CEOs Are Raking in the Cash
The country's highest paid CEOs are raking in more money than we can imagine, leaving the average worker further and further behind.
GMI Ratings has released their 10 best-paid CEOs list, with 29-year-old Mark Zuckerberg leading the pack after he made nearly $2.3 billion in 2012, making the Facebook CEO the highest paid boss in North America.
Two other Silicon Valley CEO — Apple's Tim Cook and Salesforce.com's Marc Benioff — were in the top 10. Cook (No. 5) took in a whopping $143.8 million in compensation, and Benioff was ninth with $109.5 million.
Showing how income inequality is getting ridiculously out of hand, this is the first time in the 11-year history of the survey that all of the top 10 CEOs made at least $100 million.
“In the more than ten years that GMI has been publishing this report, I’ve never seen a top ten Highest Paid list that loomed this large,” said Greg Ruel, Senior Research Analyst and author of the report.
Here's the full list:
Mark Zuckerberg, Facebook, $2,278,668,214
Richard Kinder, Kinder Morgan, $1,116,685,089
Mel Karmazin, Sirius XM Radio, $255,355,676
Gregory Maffei, Liberty Media, $254,890,638
Timothy Cook, Apple, $143,828,867
Edward Stack, Dick’s Sporting Goods, $142,052,496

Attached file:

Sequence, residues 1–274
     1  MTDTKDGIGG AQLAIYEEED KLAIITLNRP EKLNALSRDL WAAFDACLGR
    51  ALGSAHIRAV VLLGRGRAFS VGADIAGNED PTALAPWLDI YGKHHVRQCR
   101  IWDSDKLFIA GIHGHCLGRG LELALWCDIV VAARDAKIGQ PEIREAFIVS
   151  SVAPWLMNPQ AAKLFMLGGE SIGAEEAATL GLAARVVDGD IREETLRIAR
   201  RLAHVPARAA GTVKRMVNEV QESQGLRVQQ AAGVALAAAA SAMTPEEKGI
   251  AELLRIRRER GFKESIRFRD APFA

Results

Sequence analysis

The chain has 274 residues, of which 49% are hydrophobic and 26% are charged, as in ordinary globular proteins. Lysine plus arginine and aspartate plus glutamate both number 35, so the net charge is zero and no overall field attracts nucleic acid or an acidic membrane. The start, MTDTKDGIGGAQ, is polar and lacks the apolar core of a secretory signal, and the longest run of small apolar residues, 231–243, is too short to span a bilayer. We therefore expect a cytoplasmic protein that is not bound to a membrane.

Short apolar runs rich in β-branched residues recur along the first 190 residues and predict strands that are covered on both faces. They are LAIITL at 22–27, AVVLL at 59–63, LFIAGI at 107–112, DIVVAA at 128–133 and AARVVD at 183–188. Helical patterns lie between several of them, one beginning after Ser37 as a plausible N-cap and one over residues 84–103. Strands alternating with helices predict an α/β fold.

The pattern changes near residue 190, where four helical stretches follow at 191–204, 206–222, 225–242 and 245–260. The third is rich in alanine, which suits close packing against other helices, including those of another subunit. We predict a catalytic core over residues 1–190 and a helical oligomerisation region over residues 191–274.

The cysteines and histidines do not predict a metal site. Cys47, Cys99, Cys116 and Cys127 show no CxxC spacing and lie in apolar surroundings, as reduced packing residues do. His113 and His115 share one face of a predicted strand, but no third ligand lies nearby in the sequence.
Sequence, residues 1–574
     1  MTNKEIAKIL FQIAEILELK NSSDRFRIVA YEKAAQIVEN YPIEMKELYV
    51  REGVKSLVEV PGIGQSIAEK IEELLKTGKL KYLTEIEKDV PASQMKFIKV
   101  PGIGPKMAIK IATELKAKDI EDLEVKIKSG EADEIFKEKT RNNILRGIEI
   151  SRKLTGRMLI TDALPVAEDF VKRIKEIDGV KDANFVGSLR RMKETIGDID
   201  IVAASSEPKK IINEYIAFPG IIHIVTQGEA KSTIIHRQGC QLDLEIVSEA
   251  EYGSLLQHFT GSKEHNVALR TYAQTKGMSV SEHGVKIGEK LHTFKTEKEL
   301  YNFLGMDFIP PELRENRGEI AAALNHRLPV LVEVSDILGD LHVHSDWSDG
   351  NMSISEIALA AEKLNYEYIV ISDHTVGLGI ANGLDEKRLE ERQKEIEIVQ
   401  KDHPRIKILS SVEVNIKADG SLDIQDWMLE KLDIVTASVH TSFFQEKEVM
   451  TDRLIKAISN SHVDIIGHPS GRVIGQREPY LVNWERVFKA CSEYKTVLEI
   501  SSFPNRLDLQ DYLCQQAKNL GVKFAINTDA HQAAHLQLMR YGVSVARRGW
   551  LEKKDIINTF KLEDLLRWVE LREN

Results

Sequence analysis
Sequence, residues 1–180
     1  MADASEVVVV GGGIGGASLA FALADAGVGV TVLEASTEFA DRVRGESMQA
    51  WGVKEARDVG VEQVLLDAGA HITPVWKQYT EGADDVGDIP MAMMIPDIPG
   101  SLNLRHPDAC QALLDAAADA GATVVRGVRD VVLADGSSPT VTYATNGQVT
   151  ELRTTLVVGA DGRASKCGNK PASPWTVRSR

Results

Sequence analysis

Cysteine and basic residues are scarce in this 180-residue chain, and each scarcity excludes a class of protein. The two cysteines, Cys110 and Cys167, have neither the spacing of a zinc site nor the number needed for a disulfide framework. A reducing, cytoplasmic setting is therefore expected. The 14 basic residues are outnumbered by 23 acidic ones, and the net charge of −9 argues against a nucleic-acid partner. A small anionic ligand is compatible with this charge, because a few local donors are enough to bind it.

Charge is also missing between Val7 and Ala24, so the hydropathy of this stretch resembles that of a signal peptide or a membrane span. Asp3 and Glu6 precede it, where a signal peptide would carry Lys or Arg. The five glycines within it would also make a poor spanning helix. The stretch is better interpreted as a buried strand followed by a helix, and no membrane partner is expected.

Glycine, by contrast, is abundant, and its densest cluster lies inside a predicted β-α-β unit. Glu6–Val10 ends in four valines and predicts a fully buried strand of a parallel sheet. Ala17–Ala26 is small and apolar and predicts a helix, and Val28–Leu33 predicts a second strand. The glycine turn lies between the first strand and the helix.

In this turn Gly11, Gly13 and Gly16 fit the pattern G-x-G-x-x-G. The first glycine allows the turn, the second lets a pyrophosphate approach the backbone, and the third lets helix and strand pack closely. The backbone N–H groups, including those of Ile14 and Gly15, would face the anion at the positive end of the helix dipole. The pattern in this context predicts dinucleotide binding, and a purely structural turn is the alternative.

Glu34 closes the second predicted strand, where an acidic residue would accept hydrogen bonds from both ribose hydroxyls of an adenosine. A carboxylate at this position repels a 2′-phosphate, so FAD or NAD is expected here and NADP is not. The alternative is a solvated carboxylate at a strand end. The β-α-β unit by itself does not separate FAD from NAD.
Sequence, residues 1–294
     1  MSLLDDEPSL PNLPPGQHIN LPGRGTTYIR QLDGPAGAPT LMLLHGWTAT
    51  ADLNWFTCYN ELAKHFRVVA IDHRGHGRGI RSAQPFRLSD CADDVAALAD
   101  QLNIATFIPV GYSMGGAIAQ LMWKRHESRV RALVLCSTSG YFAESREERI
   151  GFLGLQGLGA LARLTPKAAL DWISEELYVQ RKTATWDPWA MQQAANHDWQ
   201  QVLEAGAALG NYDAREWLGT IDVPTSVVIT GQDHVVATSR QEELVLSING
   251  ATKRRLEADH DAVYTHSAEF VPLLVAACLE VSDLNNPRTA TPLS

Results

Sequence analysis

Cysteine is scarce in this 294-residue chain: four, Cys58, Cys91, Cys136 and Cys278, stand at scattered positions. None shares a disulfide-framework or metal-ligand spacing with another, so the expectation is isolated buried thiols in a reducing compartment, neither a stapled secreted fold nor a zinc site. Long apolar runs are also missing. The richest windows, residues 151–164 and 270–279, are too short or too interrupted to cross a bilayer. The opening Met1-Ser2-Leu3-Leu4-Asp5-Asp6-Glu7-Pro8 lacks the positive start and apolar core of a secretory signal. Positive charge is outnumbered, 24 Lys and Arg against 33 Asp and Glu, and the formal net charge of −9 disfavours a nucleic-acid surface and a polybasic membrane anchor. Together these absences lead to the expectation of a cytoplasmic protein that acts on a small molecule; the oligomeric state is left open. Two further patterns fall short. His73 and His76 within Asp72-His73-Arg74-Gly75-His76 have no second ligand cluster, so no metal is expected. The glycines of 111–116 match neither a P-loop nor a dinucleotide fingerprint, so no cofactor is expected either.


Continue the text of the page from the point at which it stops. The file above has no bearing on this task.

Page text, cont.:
Gregory Maffei, Liberty Interactive, $136,450,484
Howard Schultz, Starbucks, $117,562,601
Marc Benioff, Salesforce, $109,544,875
Frank Coyne, Verisk Analytics, $100,432,117
While these rich white dudes figure out what color yacht they want to buy this year, the Huffington Post has crunched the numbers and figured out that the average worker like you and me make at least 15 times less.
In fact, the median pay of a CEO at a company in the Standard & Poor's 500-stock index rose by nearly 20 percent from 2011 to 2012. Meanwhile, the piddling median weekly earnings of full-time wage and salary workers rose by a sad 1.4 percent in the same period, according to data from the Bureau Of Labor Statistics.
The U.S. leads the developed world in income inequality. And it's really getting out of control, as HuffPo reports, "since 1970, the top 1 percent of Americans practically doubled their share of the nation's total earned income."
A report by Pulitzer Prize winning journalist David Cay Johnston conducted for Tax Analysts found incomes of the bottom 90 percent of Americans grew only $59 (adjusted for inflation) from 1966 to 2011, while incomes for the top 10 percent rose by $116,071.
What are your thoughts on this info?